So, when does prudent planning and preparation instead become panic buying?
Panic buying is happening more and more frequently, by what is the reason behind it? The answer to that perhaps is in the timing of the purchase, the practical reason for the purchase and the emotional reasoning behind it. Whether its petrol, toilet roll, medications, microchips or essential food items, there are some items that are vital, and you could argue there are some that you could do without, though let’s hope that there is no shortage of soap at the same time.
The masses of humanity, of which we are all of course part, is being fuelled by panic. This isn’t just a UK problem at the moment. From truck drivers to vaccines to microchips there has consistently been a shortage for the last couple of years. Pictures of empty shelves, limits on purchases, queues outside shops and petrol stations continue to build on the fear.
The most recent high-profile incident in the UK, where for reasons of pure panic, the country is suffering a fuel crisis is a case in point. The media headlines take a simple sound bite of ‘we are running a bit short in a couple of locations’ and spin it up into a whirlwind in order to sell their advertising. Social media too, shared in moment is spread or retweeted to double down on the impact. As Franklin D Roosevelt said: “The only thing we have to fear is fear itself.” With a self-fulfilling prophecy like this it’s remarkable how true that is.
So why is the world being overtaken by the psychology of scarcity?
With a little bit of fuel, pardon the pun, perfectly normal, sensible people, battered by years of the pandemic begin to act irrationally. However, its too easy to add the dreaded P word and make assumptions. The truth is, that the human race is more of a collective herd. Shortages are nothing new. They happen all the time. The constant yo yo of the commodities markets, too much oil, too little. Vast stockpiles of cocoa, to damn! The weather failed and where did it all go?
Market forces mean prices changes up and down based on availability. Perhaps the fault is with our modern way of thinking. Have we all become too used to the instant gratification of having everything we want and having it delivered in thirty minutes time? Do we all now have an assumption that everything should always be available? What happened to seasonal fruit and vegetables? Things run out, though with new growing methods you really can get pretty much whatever you want whenever. But has that changed the essence of who we are now? At the first glimpse of running out of something a million people descend on a shop to buy loo roll or pasta and fill up with more than they could consume in months.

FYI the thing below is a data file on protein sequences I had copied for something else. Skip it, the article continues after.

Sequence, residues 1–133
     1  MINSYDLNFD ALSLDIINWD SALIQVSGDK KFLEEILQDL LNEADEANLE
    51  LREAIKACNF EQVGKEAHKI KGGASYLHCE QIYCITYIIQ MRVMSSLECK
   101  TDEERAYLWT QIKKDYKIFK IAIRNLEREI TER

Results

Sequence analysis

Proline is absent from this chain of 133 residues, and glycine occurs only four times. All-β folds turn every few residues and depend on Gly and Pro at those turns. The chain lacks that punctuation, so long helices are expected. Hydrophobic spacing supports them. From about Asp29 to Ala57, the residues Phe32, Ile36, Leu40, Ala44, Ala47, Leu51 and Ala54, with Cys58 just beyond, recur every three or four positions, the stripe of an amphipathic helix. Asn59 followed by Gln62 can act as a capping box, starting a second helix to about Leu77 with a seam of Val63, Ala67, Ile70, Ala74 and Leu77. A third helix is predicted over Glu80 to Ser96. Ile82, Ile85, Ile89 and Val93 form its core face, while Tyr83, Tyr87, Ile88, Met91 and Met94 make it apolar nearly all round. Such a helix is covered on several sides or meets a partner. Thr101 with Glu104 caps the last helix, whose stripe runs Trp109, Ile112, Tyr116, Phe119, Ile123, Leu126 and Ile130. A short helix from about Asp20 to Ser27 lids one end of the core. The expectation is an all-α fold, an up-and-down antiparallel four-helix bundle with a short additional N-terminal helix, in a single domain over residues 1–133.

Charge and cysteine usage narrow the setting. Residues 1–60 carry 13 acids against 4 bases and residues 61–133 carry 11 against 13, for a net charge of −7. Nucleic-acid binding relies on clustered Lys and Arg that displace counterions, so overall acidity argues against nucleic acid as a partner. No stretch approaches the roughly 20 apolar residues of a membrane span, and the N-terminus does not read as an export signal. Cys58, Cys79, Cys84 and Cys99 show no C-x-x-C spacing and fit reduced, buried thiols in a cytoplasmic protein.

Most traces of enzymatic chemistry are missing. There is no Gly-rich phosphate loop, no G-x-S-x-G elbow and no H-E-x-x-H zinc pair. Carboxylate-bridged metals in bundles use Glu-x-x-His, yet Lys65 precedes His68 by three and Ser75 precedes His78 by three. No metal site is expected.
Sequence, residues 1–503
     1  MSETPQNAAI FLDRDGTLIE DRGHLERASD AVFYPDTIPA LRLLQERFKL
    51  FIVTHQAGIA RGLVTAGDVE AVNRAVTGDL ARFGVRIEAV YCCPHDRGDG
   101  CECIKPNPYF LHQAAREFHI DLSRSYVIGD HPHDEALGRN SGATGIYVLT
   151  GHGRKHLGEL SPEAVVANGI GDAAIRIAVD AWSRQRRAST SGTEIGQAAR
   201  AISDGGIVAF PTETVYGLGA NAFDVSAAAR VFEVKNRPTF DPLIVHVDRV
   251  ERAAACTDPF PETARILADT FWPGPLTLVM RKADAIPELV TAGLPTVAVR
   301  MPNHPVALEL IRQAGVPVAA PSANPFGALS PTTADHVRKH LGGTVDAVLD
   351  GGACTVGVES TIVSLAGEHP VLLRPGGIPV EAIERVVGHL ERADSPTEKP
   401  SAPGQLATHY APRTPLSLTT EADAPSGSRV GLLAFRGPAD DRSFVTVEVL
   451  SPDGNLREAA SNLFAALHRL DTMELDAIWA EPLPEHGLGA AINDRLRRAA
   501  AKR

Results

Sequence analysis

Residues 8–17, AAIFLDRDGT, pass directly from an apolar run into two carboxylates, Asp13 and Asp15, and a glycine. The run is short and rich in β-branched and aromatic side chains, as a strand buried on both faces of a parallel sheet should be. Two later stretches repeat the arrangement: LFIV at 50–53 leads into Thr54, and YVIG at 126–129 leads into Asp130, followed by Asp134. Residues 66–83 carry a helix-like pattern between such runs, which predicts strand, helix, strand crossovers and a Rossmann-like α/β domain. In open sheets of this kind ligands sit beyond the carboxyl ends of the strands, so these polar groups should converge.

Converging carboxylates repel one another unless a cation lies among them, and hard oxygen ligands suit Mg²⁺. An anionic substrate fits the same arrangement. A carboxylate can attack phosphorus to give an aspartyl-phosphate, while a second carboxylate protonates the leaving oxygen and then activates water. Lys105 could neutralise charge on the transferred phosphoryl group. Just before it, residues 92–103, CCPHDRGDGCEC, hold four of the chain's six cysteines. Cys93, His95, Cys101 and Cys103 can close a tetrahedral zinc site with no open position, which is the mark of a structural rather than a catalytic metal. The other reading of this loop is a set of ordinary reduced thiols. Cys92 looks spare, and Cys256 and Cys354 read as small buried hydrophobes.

Fuelling the problem
The recent issues of fuel shortages, or loo roll, or whatever, have nothing to do with actual shortages. Its all about perceptions. The companies that produce and deliver our goods operate finely managed logistics systems, just enough, just in time. Now I don’t work for BP, but I do work for Shell, and I have to say I feel sorry for BP that they have caught the flak on this one. There is bucket loads of fuel in the UK. There is no shortage! The issue is that when a million people overnight change their habits, because they have read inflammatory headlines, the fuel shortage, at the point of delivery becomes self-fulfilling.
We don’t need to mobilise the army each time someone worries about running out and they start panic buying!
We just need to keep calm and carry on.
First published on LinkedIn by Rob Phayre. www.robphayre.com